Willful FBAR Penalty Moving Towards a Strict Liability Standard

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Assessment of the “willful” FBAR penalty

GSA US Tax Court bldg 450x450Courts have sustained FBAR penalties by reference to case law which is inconsistent with standards and principals applied in penalty cases under Title 26, despite the punitive nature of the willful FBAR penalty.

In order for the Government to successfully assess an FBAR Penalty, they must prove the following:

  1. The Taxpayer was either a citizen or a resident or a person doing business in the United States during the relevant tax period(s);
  2. The Taxpayer had a financial interest in, or signatory authority over the foreign financial account;
  3. The foreign financial account had a balance that exceeded $10,000 during the relevant tax year(s);
  4. The Taxpayer failed to disclose the foreign financial account.
  5. The amount of penalties was proper.

Proving Willfulness in FBAR context

In the FBAR context, willfulness “may be proven through inference from conduct meant to conceal or mislead sources of income or other financial information,’ and it ‘can be inferred from a conscious effort to avoid learning about reporting requirements.” (Williams, 489 Fed. App’x at 658). In addition, in Norman v. United States, 138 Fed. Cl. 189, 194 (Fed. Cl. 2018), the Court of Claims held that a taxpayer is put on inquiry notice of the FBAR requirement when signing a return. As such, a Taxpayer who signs a return will not be able to claim innocence for not actually having read the return, since the taxpayer is charged with constructive knowledge of its contents (Jarnagin v United States, 134 Fed. Cl. at 378 (Fed. Cl 2017).

The departure from the willful standard in the Title 26 context as it relates to civil tax penalties is also found in the May 23, 2018 Office of Chief Counsel, Internal Revenue Service Memorandum. This Memorandum provides that the standard for willfulness under 31 U.S.C § 5321(a) (5) (C) is:

“the civil willfulness standard and includes not only knowing violations of the FBAR requirements, but willful blindness to the FBAR requirements as well as reckless violations of the FBAR requirements.”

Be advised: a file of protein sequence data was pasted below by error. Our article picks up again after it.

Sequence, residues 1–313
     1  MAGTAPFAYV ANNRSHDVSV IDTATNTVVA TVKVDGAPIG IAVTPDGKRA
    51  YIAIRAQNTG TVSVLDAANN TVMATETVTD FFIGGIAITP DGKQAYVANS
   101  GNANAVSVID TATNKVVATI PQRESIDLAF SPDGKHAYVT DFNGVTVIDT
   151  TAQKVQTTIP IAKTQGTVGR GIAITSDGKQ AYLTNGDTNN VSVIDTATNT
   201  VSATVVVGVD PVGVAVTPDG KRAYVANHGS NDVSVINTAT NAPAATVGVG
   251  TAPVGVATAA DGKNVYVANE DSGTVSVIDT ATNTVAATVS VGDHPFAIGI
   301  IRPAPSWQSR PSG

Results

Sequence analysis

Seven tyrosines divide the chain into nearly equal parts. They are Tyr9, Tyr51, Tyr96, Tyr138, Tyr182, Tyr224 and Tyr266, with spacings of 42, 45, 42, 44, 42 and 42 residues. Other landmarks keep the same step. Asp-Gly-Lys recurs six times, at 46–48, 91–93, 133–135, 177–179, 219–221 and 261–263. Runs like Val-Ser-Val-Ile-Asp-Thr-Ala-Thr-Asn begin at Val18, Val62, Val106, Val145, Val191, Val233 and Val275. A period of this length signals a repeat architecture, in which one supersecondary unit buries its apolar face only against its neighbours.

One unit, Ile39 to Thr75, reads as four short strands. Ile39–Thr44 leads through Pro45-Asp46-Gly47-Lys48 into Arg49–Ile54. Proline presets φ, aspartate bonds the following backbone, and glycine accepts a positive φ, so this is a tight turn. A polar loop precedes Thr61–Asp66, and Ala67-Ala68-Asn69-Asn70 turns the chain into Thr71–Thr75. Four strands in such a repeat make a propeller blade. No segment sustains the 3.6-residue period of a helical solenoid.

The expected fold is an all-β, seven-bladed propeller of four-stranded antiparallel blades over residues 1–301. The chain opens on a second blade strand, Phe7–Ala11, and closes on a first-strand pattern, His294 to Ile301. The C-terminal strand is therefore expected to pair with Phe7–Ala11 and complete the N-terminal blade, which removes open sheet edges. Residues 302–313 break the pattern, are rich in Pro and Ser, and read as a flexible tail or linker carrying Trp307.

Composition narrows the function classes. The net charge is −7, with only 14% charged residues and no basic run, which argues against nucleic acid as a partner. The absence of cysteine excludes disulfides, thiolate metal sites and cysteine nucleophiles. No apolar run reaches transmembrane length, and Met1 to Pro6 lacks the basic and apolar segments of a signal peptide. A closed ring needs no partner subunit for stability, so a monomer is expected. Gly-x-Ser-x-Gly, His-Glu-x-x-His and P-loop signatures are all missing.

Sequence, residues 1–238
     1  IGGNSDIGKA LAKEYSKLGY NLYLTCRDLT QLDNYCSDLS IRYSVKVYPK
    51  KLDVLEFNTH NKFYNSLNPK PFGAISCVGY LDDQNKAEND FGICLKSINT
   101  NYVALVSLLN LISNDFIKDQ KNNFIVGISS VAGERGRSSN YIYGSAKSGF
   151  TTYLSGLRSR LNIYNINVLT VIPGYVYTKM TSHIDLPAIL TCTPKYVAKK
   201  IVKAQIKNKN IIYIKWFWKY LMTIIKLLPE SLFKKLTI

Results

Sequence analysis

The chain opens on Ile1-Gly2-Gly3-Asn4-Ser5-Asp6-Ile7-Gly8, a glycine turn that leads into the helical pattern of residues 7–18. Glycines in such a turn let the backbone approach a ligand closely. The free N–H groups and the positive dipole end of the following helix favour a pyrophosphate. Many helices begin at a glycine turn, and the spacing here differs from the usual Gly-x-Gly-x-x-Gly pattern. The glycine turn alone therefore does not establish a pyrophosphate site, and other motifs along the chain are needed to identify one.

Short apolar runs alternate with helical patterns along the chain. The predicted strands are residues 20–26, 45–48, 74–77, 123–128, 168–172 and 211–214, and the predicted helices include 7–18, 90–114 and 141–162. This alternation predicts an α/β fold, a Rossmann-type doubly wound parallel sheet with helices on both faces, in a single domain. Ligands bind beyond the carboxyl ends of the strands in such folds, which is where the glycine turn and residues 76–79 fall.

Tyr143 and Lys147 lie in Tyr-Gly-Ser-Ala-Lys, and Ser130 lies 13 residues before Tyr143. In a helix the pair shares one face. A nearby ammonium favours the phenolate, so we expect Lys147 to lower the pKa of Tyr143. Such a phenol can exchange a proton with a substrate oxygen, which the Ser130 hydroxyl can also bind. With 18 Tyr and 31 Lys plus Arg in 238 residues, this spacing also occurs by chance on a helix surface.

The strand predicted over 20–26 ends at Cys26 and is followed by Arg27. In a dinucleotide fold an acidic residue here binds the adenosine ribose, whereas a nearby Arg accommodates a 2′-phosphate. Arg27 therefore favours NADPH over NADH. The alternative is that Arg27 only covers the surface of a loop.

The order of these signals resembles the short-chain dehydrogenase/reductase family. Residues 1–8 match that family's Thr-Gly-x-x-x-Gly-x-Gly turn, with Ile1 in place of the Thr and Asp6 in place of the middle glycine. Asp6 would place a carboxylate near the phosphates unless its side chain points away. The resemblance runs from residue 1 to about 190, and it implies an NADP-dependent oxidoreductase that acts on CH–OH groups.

The civil fraud penalty under 26 U.S.C § 6663 provides that in order to sustain the standard of proof, the civil fraud penalty has to be “clear and convincing.” Closely tied to the civil fraud penalty is the criminal tax evasion penalty under 26 U.S.C § 7201 which requires a proof beyond a reasonable doubt. While the willful FBAR penalty has it criminal counterpart in 31 U.S.C. § 5322(a), the Courts have illogically used the lower preponderance of evidence standard in willful FBAR cases despite the punitive effects of the Penalty.

While reliance upon professional advice is a valid defense in tax crimes and the civil fraud penalty, a question remains as to whether relying on a professional is a valid defense to the imposition of a willful FBAR Penalty. The viability of such a defense would require the following:

  1. The taxpayer subject to the penalty has provided all the relevant facts to the professional;
  2. After providing the relevant facts, the Taxpayer must have relied upon the advice of the professional; and
  3. The reliance must be reasonable under the circumstances.

DOJ position on using a professional advice as a defense for “Willfulness” in FBAR penalty

Given the string of government victories in the assessment of the willful FBAR penalties and current litigation, the Department of Justice is now pushing the envelope suggesting that reliance on a professional as a defense to the assessment of a willful FBAR penalty is not a valid defense. DOJ’s position is inconsistent with judicial precedent as well as administrative pronouncements.

In light of DOJ’s position, it is hard to imagine circumstances where, an argument that a professional (accountant or tax preparer) didn’t give a client advice concerning disclosure of their foreign financial accounts would be successful, especially if the client withheld all the relevant facts, for example; a case where a taxpayer answers “no” in response to question 7(a) on Schedule B as to whether the taxpayer had an interest in or was a signatory to a foreign financial account and fails to tell his accountant or fails to seek advice on whether to report a foreign financial account, Courts have generally held that such conduct constitutes “reckless” behavior, thereby meeting the “willfulness” standard (Kimble v. United States, No. 1:17-cv-00421 (Fed. Cl. 2018).

Similarly, in United States v. Dadurian, No. 9:18-cv-81276, the U.S. District Court denied the Taxpayer’s motion for summary judgment and the case was scheduled for trial for August 19, 2019. The Taxpayer had a financial interest over signatory authority over a number of foreign accounts, some of which had maximum balances over $2 million in certain years. Prior to 2007, the Taxpayer had filed FBARs in connection with her Swiss and German Accounts. According to the Taxpayer, her Tax Attorney advised her that she did not have to disclose her accounts. For the years 2007- 2010, and based upon the Attorney’s advice, Dadurian  failed to tell her new tax return preparer about the foreign assets and further declared on Schedule B, Part III, in response to question 7(a) that she did not have an interest or signatory authority over the foreign financial accounts. In arriving at its decision, the Court raised the issue as to whether reliance on a professional may constitutes reasonable cause in light of 31 U.S.C § 5321 (a) (5) (C) (ii), which provides that, “reasonable cause” is not a defense to willful FBAR violations. In its proposed jury instructions, the DOJ asked that the jury be instructed that: “If the United States Proves that Daniela Dadurian acted willfully, Dadurian may not claim as a defense that she relied upon the advice she received from accountants, lawyers or other professionals.”